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Copenhagen's New Stormwater Filtration System
Developed by a Landscape Architect at the U. of Copenhagen

Copenhagen's New Stormwater Filtration System

Marina Bergen Jensen's new filtration system mimics natural processes found in soil because it filters out pollutants as water passes through it, just like soil does. All that it requires is the force of gravity.

Landscape architecture and planning professor, Marina Bergen Jensen, from the University of Copenhagen, has patented a new urban stormwater filtration system that does not use any power or chemicals. It features a double porosity filter that was tested on smaller applications before being implemented into an actual wastewater treatment plant.

The new treatment method is able to clean 110 liters of storm runoff water every second and is currently being used in a large wastewater treatment facility in A~restad, Denmark. At the facility, runoff water from the town is collected and cleaned, before it is returned to Amager Nature Park, a 3,000-acre park located a few kilometers from City Hall.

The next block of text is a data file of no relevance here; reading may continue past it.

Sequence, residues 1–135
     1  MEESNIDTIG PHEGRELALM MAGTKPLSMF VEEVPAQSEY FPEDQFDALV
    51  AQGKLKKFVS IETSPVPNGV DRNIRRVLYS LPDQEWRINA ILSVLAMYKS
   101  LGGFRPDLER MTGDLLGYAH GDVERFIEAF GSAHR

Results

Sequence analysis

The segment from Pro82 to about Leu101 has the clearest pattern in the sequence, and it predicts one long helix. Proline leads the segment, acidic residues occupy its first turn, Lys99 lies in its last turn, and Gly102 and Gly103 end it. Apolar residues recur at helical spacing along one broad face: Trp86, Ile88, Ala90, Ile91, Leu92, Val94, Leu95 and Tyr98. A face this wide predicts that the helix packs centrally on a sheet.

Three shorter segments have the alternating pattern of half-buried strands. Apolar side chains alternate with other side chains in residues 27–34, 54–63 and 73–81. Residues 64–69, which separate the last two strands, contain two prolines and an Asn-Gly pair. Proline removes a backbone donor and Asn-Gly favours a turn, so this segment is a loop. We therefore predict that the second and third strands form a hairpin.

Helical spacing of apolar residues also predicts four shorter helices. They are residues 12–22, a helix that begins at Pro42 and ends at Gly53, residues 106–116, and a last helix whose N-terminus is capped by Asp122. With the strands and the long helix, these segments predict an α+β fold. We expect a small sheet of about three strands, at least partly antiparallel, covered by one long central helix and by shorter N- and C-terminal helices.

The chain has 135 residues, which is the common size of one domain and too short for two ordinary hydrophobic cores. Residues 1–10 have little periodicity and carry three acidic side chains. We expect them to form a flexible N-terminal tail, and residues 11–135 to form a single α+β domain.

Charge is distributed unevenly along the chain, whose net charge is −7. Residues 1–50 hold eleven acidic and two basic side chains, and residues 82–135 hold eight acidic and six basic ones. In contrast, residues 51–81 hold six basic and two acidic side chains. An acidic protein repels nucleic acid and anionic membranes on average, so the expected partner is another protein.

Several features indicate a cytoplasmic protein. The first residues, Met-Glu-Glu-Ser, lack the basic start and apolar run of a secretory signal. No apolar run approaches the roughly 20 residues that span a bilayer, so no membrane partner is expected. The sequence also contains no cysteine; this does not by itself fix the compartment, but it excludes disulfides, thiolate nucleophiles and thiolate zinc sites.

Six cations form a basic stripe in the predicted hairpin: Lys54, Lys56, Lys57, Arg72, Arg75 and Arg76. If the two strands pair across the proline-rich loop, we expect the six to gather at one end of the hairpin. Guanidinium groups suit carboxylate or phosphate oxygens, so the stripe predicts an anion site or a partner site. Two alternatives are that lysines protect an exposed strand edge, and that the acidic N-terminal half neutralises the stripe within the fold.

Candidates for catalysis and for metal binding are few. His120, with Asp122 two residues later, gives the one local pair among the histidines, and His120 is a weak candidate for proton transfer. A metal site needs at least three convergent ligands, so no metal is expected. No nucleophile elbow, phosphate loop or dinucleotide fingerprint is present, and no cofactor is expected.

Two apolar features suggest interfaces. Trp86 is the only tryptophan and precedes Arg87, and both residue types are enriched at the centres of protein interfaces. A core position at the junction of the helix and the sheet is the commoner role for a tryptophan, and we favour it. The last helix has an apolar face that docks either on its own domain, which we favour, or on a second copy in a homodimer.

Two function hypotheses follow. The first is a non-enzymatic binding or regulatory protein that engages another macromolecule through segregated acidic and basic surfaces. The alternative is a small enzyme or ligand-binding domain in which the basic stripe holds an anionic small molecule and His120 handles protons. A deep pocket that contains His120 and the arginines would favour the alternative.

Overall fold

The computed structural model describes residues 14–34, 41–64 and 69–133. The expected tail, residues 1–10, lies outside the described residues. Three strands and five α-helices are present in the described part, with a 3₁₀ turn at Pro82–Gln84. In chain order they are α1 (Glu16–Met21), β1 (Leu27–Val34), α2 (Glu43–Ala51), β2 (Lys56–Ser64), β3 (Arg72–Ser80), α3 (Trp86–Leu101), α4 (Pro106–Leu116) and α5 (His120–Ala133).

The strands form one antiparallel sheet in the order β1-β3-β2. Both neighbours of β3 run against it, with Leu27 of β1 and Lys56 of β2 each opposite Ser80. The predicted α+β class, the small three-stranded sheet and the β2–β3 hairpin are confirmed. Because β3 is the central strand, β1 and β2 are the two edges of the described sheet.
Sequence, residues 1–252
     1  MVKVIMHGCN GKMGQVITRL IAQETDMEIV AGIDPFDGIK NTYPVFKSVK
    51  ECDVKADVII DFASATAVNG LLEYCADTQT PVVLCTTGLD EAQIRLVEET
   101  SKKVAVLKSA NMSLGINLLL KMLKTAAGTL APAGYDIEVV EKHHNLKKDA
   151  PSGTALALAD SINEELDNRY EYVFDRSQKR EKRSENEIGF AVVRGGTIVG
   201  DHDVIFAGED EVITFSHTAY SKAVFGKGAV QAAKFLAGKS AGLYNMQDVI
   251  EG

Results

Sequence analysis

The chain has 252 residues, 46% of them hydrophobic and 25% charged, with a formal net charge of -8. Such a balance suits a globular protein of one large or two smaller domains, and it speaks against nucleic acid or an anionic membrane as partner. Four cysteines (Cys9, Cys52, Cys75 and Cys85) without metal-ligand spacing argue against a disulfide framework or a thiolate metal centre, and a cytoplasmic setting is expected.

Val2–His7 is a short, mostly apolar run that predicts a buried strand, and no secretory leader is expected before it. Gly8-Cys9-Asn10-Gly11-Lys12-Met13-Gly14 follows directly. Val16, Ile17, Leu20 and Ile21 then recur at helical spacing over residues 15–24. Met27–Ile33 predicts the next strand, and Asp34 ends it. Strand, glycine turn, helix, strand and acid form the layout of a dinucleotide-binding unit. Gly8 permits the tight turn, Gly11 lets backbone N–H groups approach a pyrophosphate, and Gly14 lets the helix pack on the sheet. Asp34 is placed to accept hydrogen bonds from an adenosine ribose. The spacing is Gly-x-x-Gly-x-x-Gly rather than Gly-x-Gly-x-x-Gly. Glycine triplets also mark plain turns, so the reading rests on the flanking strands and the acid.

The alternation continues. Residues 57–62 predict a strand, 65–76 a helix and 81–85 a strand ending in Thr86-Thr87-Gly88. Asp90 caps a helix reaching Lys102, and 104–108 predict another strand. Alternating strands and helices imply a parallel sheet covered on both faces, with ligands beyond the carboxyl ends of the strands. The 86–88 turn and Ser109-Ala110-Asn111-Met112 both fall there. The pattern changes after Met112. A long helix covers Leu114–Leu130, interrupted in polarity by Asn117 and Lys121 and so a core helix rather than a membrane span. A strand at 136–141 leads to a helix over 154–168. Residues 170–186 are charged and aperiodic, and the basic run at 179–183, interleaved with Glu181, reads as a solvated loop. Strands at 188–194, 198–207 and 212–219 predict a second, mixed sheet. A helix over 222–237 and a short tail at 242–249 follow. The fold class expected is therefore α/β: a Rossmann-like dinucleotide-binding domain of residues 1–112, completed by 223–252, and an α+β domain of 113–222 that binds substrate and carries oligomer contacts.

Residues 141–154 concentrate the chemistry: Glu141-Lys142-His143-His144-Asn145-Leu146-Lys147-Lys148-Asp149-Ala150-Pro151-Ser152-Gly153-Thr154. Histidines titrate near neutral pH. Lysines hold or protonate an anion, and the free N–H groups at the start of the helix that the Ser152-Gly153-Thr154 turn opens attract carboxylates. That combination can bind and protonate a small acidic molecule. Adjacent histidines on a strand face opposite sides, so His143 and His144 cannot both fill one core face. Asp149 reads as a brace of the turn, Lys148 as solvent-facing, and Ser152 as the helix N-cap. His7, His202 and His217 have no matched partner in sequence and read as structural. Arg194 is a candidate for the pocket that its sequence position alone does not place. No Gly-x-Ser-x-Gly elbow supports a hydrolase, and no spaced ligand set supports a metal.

Jensen's filtration system consists of a "sandwich-type filter" that cleans water as it passes through it. As gravity pulls the water through the filtering membrane, small pollutants and particles become trapped while the clean water continues through.

An article by states, "The new stormwater runoff treatment facility is a major win for nature and the climate... no power or chemicals are used by the facility and it operates without any odor or noise pollution."

The filter is not suitable enough yet for cleaning water for human consumption, but Jensen is currently researching how to further improve the technology. A Danish company named WaterCare currently manufactures and distributes Jensen's filter.

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October 17, 2019, 4:38 pm PDT

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